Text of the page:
Crude oil production from the Williston Basin’s Bakken and Three Forks formations boosted North Dakota’s crude oil production to a new record of more than 1 million barrels per day (bpd) in April and May of this year.
Advances in drilling methods and technology, a better understanding of the Bakken’s geology, higher crude oil prices, and the formation’s large size and number of wells have contributed to higher production and potential for future growth, according to the U.S. Energy Information Administration’s (EIA) Aug. 4 Today in Energy report.
Bakken oil production started in the 1950s at North Dakota’s Antelope field, but the discovery of the Parshall field in 2007 launched large-scale production growth from the play.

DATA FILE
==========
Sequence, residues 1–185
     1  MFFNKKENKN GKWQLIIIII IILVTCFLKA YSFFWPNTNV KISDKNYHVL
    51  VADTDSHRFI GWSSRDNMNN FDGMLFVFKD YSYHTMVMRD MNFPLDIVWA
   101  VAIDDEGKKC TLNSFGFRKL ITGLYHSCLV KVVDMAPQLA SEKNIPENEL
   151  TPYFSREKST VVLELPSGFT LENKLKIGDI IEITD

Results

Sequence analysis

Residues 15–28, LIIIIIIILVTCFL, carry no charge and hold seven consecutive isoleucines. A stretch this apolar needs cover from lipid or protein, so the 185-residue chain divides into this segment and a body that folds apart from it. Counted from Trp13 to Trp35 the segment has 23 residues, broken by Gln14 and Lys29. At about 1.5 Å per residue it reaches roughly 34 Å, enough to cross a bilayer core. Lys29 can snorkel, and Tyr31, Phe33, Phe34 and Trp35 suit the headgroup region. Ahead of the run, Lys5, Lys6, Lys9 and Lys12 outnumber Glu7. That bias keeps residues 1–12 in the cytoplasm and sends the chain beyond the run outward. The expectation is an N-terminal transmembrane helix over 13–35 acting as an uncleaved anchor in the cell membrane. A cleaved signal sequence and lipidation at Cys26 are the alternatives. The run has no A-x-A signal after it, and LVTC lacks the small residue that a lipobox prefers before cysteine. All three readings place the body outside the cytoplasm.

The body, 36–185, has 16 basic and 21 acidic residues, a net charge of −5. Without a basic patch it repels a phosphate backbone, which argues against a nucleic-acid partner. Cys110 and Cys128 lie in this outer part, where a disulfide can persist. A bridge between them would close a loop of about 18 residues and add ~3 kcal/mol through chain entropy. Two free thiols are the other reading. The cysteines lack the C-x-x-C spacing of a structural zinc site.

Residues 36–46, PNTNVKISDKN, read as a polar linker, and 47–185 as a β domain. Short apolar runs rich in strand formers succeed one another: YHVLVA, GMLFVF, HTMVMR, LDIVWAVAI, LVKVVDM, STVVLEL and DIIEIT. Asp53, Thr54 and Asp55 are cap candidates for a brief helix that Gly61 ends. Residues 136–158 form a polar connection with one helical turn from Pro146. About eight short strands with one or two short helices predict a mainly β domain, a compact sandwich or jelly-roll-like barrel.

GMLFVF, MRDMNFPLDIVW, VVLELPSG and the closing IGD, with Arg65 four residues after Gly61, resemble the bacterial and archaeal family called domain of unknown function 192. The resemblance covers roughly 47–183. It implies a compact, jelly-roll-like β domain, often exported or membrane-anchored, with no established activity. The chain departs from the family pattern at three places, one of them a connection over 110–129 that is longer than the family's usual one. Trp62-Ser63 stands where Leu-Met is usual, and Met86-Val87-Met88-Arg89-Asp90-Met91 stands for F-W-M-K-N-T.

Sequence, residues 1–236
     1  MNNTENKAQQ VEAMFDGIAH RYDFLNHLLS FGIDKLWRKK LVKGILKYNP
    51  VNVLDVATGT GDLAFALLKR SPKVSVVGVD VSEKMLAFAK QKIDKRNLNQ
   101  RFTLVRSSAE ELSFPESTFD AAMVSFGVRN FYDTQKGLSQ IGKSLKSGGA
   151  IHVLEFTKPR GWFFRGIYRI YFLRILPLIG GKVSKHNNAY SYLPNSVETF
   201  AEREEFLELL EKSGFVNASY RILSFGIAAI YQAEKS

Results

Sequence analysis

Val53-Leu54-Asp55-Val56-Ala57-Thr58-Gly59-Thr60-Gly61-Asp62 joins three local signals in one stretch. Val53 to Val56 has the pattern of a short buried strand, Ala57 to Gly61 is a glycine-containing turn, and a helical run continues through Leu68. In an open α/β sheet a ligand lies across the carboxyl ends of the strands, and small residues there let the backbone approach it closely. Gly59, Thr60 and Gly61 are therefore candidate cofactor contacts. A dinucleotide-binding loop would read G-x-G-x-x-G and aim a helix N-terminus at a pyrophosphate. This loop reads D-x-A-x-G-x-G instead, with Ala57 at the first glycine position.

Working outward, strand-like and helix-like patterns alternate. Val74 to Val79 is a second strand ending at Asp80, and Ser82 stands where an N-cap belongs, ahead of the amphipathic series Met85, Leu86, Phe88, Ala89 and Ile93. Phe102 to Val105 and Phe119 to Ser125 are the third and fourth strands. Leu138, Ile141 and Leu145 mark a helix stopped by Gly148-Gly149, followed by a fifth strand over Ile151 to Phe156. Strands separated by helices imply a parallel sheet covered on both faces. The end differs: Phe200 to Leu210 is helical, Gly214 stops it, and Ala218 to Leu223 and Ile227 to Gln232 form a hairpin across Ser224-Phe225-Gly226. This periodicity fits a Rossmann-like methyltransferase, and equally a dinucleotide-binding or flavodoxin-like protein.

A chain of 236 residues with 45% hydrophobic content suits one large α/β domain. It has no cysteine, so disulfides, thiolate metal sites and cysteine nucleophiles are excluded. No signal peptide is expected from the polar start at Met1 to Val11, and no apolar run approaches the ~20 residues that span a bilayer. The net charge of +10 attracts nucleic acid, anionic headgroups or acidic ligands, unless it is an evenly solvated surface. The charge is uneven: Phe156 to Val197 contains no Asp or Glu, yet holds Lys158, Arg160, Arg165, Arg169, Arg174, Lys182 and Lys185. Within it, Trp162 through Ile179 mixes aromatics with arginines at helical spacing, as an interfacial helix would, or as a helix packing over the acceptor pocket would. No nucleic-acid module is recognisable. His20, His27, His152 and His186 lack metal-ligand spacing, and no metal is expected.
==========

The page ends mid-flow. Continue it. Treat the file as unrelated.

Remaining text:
“As more wells are drilled in the Bakken, the base resource becomes better defined,” EIA said. “Because the Bakken has a relatively low thickness (not exceeding 250 feet) and low permeability, better information on the location of available resources can quickly translate into an increase in crude oil production volumes.”
The Bakken and Three Forks formations are located in western North Dakota and eastern Montana.
In June, Wood Mackenzie estimated that 21 billion barrels of light sweet crude oil will ultimately be recovered from the Bakken and Three Forks play, higher than the U.S. Geological Survey’s April 2013 estimate of 7.4 billion barrels.
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